Traditional shoulder rehabilitation after injury includes a phase of rest, control of inflammation, and isolated muscle strengthening (1,2). Additional components of a shoulder rehab program may include scapular-stabilization, proprioceptive techniques, and closed kinetic chain exercise (3).
“Closed chain axial loading exercises are the primary means of early shoulder rehabilitation and are the mainstays of functional rehabilitation protocols”
- Ben Kibler et al. 2012 (4)
With all the above being said, closed kinetic chain exercises are being neglected in many rehabilitation programs for isolated rotator cuff strengthening. As stated in yesterdays post, the 4 rotator cuff muscles all have individual functions, however their main goal is to work together in stabilizing the shoulder.
Here are some of the benefits of closed kinetic chain exercise:
• Increased joint compressive forces (proprioception)
• Increased joint congruency (stability)
• Decreased shear and acceleration forces
• Enhanced dynamic stability (co-contraction)
Open kinetic chain characteristics:
• Increased shear and acceleration forced
• Increased distraction and rotation force (decreased proprioception)
• Isolated muscle strengthening (little to no co-contraction)
While keeping in mind the main function of the rotator cuff muscles, it is clear to see that closed kinetic chain exercises would be the most beneficial. This method causes co-contraction to provide joint stability, decreases shear forces that may damage soft tissue structures, increases joint compressive forces increasing stability and proprioception, and lastly is more functional than an open kinetic chain approach (5).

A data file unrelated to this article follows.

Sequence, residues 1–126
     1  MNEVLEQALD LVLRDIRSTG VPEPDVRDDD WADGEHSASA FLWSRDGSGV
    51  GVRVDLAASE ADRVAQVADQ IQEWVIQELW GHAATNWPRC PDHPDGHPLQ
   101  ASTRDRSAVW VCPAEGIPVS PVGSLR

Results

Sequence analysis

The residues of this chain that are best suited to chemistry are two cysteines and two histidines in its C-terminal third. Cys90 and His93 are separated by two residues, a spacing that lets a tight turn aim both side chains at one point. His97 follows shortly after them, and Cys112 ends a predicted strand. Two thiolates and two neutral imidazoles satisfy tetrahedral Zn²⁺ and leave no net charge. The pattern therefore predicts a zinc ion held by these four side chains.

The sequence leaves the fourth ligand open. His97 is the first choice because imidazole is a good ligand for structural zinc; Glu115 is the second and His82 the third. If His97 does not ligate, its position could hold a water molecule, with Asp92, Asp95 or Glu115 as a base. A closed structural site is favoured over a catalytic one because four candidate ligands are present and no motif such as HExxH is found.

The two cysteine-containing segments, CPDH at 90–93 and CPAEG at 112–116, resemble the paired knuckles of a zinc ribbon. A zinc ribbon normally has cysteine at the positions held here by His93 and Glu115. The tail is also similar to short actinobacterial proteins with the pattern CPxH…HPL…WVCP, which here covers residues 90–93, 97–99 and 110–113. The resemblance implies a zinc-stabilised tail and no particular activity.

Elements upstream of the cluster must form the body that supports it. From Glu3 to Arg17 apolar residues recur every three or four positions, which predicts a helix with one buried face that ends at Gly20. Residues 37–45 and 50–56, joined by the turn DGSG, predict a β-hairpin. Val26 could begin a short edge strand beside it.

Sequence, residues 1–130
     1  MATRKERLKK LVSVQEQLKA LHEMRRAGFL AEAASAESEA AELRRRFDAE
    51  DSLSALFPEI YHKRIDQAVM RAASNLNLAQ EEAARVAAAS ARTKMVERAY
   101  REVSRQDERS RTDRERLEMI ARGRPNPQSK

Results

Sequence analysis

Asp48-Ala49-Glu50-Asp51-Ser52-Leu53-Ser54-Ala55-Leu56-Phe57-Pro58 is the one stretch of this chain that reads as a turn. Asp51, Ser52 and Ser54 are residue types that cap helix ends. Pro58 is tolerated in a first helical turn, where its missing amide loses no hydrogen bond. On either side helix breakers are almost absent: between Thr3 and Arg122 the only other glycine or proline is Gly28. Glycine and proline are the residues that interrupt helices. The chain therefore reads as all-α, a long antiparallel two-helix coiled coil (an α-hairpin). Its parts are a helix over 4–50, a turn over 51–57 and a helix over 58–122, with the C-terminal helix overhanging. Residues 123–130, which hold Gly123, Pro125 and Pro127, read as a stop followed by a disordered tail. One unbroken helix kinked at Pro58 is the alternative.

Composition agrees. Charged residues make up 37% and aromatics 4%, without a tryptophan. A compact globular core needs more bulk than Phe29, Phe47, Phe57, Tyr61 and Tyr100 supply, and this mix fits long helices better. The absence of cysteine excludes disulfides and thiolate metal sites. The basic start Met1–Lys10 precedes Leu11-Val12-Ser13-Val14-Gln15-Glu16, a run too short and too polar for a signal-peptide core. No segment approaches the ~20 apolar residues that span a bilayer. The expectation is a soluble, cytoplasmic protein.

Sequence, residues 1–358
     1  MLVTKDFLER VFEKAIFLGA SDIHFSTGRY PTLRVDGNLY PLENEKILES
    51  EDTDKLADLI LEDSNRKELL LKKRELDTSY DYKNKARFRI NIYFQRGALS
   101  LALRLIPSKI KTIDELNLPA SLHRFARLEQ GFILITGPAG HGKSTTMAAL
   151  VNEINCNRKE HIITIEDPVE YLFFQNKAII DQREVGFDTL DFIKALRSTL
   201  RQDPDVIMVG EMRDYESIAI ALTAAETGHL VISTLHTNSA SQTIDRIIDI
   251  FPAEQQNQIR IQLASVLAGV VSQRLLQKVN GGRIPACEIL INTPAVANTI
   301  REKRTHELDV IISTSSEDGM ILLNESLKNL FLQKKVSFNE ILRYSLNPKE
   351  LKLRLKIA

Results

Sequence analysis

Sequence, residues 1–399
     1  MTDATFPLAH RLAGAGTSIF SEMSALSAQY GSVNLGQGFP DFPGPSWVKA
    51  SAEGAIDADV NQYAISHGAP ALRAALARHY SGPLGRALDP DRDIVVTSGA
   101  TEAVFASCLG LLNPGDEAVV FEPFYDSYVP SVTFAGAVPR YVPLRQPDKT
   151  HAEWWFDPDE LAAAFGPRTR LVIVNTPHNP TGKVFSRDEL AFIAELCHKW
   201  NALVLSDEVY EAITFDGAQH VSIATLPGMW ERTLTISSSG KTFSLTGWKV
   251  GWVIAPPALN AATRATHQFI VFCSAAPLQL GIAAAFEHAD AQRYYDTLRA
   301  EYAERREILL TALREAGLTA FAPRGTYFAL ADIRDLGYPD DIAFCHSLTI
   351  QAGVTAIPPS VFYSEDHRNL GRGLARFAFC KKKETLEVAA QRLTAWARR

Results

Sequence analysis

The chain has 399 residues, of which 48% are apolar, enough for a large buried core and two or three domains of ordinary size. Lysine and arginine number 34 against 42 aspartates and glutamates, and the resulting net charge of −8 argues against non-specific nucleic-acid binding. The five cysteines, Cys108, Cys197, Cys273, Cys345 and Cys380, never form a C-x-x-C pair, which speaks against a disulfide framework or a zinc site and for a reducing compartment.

I hope this sheds some light shoulder rehabilitation and how the therapeutic approach should fit the main function of the rotator cuff muscles. Be sure to check out the articles below for more information, and as always, feel free to ask questions and make comment in regards to the post!
Check out this article by John McMullen et al. “A Kinetic Chain Approach for Shoulder Rehabilitation” (3) which outlines a shoulder rehabilitation program that integrates closed kinetic chain exercises, core-stabilization exercises, and functional movement patterns rather than isolated muscle exercises. → http://www.ncbi.nlm.nih.gov/pmc/articles/PMC1323395/
Also check out the article by Ben Kibler et al. “Shoulder Rehabilitation Strategies, Guidelines, and Practice” to see their protocol involving several basic concepts of kinetic chain-based shoulder rehabilitation. →http://www.optechsportsmed.com/…/S1060-1872(12)000…/abstract
1. Brewster C, Schwab DR. Rehabilitation of the shoulder following rotator cuff injury or surgery. J Orthop Sports Phys Ther. 1993;18:422-426.
2. Wilk KE, Harrelson GL, Arrigo C, Chmielewski T. Shoulder rehabilitation. In: Andrews JR, Harrelson GL, Wilk KE, eds. Physical Rehabilitation of the Injured Athlete. 2nd ed. Philadelphia, PA: WB Saunders; 1998:478-553
3. McMullen, J., & Uhl, T. L. (2000). A Kinetic Chain Approach for Shoulder Rehabilitation. Journal of Athletic Training, 35(3), 329–337.
4. Kibler B, McMullen J, Uhl T, (2012). Shoulder Rehabilitation Strategies, Guidelines, and Practic. Operative Techniques in Sports Medicine, 20 (1), 103-112.
5. Prentice W. Open-Versus Closed-Kinetic Chain Exercise in Rehabilitation. Rehabilitation Techniques for Sports Medicine and Athletic Treating. PowerPoint presentation.